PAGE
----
The following is an excerpt from the introduction of this paper: Imagine living a life where even the simplest of tasks such as eating a grape or holding an egg required intense concentration and months of training. Until recently, this was the harsh reality for people with upper limb prostheses. Currently, the most common upper limb prosthetic technology being used is body powered. These devices capture remaining shoulder movements with a harness and transfer this movement through a cable to operate the hand, wrist, or elbow. With this control method, only one joint can be operated at a time. When the amputee has positioned one component, he or she can activate a switch that locks that component in place, and then he or she can operate the next component (Longe 2006; Miguelez et al. 2009; Edeer and Martin 2011). Until recently, this was the only technology available for someone using an upper limb prosthesis.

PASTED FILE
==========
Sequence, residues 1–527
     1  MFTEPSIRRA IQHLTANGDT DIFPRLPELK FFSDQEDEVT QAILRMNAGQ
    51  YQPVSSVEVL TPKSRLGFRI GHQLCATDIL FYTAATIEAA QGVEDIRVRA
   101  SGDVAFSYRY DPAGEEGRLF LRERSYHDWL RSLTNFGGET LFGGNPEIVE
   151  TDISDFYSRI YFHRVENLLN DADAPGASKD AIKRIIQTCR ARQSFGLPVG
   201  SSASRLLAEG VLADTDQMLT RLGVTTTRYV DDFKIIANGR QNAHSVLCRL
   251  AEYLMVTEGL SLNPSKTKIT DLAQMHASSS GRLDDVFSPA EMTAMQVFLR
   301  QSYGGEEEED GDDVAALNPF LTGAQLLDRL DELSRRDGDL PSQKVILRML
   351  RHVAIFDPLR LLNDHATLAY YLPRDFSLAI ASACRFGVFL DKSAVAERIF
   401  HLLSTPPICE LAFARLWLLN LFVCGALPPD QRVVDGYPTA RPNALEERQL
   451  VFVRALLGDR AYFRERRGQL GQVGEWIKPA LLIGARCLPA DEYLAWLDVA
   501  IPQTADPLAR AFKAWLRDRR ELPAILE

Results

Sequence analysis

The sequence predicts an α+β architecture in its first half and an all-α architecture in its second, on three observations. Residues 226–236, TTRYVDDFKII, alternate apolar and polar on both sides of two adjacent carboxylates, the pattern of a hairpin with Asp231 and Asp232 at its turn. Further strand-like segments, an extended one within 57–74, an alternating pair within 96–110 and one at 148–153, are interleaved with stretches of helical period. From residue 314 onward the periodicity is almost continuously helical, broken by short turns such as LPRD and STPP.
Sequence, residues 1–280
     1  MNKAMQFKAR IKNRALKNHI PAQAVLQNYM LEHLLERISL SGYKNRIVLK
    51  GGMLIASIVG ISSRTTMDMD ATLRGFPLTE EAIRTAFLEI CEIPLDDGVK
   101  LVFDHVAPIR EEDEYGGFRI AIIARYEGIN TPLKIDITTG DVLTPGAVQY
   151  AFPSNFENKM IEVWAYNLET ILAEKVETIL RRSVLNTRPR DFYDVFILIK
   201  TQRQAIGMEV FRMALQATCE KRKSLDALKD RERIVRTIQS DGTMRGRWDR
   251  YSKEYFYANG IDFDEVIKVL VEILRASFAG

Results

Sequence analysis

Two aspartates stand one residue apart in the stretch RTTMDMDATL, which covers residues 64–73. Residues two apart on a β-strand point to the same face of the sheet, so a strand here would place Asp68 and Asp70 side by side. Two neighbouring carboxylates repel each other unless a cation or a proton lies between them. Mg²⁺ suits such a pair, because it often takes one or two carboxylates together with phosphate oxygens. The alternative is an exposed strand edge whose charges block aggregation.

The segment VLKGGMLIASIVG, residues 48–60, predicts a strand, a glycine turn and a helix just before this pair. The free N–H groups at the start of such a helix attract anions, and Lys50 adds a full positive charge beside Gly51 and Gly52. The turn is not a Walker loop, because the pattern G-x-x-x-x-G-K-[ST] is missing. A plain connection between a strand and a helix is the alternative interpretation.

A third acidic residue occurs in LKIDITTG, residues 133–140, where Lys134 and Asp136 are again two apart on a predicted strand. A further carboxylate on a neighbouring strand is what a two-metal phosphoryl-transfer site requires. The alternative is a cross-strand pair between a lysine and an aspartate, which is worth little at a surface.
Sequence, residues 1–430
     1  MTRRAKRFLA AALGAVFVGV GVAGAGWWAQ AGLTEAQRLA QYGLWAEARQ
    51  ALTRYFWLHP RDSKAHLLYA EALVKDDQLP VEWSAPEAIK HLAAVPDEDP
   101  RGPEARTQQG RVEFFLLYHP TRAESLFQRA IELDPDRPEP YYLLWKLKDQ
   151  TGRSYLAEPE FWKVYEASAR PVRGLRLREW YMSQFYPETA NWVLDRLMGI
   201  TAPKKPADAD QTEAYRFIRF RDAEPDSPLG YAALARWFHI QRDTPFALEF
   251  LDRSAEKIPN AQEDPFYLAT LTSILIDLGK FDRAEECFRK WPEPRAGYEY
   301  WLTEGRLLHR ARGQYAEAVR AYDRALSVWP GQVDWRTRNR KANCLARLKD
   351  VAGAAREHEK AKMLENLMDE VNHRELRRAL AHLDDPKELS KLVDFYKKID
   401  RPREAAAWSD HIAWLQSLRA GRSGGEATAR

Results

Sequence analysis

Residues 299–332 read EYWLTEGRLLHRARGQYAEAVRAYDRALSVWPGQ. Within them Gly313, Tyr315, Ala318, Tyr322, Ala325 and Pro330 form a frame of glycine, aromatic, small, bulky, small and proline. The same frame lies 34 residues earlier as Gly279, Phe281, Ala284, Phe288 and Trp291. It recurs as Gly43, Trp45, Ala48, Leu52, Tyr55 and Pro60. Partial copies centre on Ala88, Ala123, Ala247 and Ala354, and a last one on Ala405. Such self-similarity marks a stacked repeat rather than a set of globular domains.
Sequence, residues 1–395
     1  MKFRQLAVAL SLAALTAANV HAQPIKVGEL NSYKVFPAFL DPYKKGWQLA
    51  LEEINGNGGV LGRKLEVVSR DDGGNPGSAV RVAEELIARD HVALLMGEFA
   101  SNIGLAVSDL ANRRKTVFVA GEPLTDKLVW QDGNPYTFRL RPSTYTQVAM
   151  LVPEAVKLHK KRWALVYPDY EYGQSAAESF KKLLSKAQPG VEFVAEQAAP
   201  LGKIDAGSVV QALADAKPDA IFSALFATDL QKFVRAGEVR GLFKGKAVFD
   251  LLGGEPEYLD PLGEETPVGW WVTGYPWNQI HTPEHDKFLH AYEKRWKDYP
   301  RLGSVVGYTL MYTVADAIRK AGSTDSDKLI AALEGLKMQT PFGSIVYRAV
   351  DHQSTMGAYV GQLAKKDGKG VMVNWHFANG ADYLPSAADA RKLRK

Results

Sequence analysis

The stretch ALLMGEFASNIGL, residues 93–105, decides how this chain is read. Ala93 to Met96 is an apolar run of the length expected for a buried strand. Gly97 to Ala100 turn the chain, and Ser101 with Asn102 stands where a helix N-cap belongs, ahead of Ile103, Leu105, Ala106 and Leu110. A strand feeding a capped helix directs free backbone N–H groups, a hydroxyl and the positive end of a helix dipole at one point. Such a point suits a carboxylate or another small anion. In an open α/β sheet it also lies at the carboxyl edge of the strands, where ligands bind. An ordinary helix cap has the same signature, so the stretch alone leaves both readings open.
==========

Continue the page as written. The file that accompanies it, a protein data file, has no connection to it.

Moshayev, Y. L. (2012). Targeted Reinnervation. The Science Journal of the Lander College of Arts and Sciences, 6 (1). Retrieved from https://touroscholar.touro.edu/cgi/viewcontent.cgi?article=1121&context=sjlcas